A coalition of 11 national medical societies, including the Academy, filed suit in federal district court in Chicago, challenging the government's rules for phasing-in the new practice expense component of the Medicare physician fee schedule.
The lawsuit against the Secretary of Health and Human Services and the Health Care Financing Administration (HCFA) asks the court to declare HCFA's practice expense transition formula unlawful and invalid.
According to the plaintiff medical societies, HCFA's formula for phasing-in resource-based practice expense relative value units (PE-RVUs) is in direct conflict with the transition formula required by the language of the Balanced Budget Act of 1997. The plaintiffs also contend that the unlawful transition formula will lead to $495 million in unauthorized fee reductions for certain physician services over the 1999-2001 transition period. Because the new fee schedule is scheduled to take effect Jan. 1, 1999, the plaintiffs have filed a motion for expedited relief.
At issue is the so-called $390 million "down payment"-the increase in practice expense RVUs for office visits which was offset by reductions in surgical procedures. The medical societies contend, the law limits the "down payment" to one year, but that HCFA is applying a "down payment" to three additional years-1999-2001-boosting the total reduction to $825 million.
"HCFA has essentially ignored the transition formula that Congress directed the agency to adopt in favor of a formula designed to meet its own policy goals," said Rob Portman, an attorney with the law firm Jenner & Block, which represents the coalition. "The law is very clear in this area: An administrative agency is not free to disregard the plain language of a federal statute. HCFA's transition formula does just that. It is blatantly unlawful."
William W. Tipton Jr., MD, Academy executive vice president, said, "The Academy joined in the lawsuit because HCFA's rules would result in an additional loss of $30 million to $40 million in orthopaedic reimbursements."
In addition to the Academy, the plaintiff's are the American Society of Cataract and Refractive Surgery; American Academy of Ophthalmology; American College of Cardiology; American Gastroenterological Association; American Association of Neurological Surgeons; Congress of Neurological Surgeons; Society for Excellence in Eyecare, Inc.; Outpatient Ophthalmic Surgery Society; American Society for Gastrointestinal Endoscopy; and American College of Gastroenterology.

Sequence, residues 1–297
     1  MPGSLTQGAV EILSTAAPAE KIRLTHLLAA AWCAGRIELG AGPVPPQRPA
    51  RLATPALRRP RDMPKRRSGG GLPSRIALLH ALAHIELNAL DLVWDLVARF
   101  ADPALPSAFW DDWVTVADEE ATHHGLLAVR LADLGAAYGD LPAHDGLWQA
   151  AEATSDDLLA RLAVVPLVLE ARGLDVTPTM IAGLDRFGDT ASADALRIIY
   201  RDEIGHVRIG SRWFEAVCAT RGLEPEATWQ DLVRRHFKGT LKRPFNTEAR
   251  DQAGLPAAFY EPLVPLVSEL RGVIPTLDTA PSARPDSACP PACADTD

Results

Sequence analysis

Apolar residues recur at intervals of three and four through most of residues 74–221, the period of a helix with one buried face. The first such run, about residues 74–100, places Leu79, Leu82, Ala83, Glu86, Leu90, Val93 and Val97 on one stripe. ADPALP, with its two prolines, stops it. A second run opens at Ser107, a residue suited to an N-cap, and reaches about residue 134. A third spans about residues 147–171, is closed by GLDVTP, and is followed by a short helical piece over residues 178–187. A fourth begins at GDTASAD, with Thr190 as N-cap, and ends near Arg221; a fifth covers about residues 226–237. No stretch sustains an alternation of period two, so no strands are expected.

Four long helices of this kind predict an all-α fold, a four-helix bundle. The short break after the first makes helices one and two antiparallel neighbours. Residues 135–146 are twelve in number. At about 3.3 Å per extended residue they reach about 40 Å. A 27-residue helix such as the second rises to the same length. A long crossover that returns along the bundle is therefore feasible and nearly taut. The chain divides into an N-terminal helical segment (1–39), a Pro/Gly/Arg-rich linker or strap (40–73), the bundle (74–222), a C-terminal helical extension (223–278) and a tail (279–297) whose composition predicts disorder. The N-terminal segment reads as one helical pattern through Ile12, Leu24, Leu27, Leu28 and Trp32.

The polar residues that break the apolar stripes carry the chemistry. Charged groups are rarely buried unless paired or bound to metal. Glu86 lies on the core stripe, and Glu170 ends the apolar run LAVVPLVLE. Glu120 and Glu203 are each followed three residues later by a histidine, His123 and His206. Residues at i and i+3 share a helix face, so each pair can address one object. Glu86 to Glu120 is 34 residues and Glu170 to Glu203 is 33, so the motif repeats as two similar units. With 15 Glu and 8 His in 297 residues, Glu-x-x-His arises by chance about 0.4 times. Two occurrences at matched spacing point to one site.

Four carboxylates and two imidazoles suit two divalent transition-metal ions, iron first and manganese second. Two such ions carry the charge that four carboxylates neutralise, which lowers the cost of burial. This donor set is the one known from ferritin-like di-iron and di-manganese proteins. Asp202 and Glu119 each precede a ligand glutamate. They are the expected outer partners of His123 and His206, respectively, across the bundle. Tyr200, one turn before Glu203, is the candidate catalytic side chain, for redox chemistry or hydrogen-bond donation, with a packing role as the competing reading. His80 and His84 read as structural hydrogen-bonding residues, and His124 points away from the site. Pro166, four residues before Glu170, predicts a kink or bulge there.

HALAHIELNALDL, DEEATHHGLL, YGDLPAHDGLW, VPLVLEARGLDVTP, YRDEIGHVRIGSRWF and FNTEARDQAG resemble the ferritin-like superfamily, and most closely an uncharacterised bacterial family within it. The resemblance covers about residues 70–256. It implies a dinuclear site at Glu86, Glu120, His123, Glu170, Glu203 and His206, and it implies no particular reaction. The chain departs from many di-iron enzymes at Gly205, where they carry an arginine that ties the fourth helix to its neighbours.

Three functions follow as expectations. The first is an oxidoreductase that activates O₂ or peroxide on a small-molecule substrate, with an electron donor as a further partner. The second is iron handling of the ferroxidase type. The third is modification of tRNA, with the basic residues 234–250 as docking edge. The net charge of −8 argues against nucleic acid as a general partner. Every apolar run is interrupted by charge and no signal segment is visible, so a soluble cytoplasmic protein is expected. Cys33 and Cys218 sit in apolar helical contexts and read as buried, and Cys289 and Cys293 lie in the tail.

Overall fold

In 1994, Congress directed HCFA to establish and implement a system for calculating resource-based PE-RVUs by 1998. HCFA issued a proposed rule in June 1997 in response to the directive. Based in large part on complaints by physician groups, Congress, through the 1997 budget act, delayed the implementation of the PE-RVU system by one year, and created the formula for phasing-in the new resource-based PE-RVU from 1999-2001.
The medical societies say the budget act language clearly directs that PE-RVUs in 1999-2001 are to be determined based on a blend of the original statutory formula for calculating charged-based PE-RVUs and the relevant practice expense resources involved in furnishing the services. According to the medical societies, the transition formula adopted by HCFA ignores the plain language of the 1997 budget act and uses 1998 PE-RVUs instead of the original PE-RVU formula.
The medical societies say the 1997 budget act authorized a one-time downward adjustment of not more than $390 million for certain nonoffice-based physician services. They assert that HCFA, by using the adjusted 1998 PE-RVUs in the transition formula, will perpetuate the reduction for three additional years, resulting in total reductions of $825 million from 1998-2001. In addition, most private sector insurance companies utilize the Medicare Fee Schedule to pay physicians, thus, compounding the impact on patient care services.
The plaintiffs state in court papers that "the Secretary's
decision to use the 1998 adjusted PE-RVUs instead of the original
formula is in violation of the Administrative Procedure Act, as
well as the Medicare Act's requirement that the Secretary's regulations
be consistent with the statute."
HCFA's rules for phasing-in new practice expense component of Medicare physician fee schedule
The 1997 Balanced Budget Act says the $390 million 'down payment' is for one year, but HCFA wants to extend it over four years
This provision does not restrict the use of the 1998 practice
expense RVUs in future years. "
the direction of payment
changes for medical visits and reduction for surgical procedures
has been mandated by Congress, implemented by HCFA and known to
the public for some time."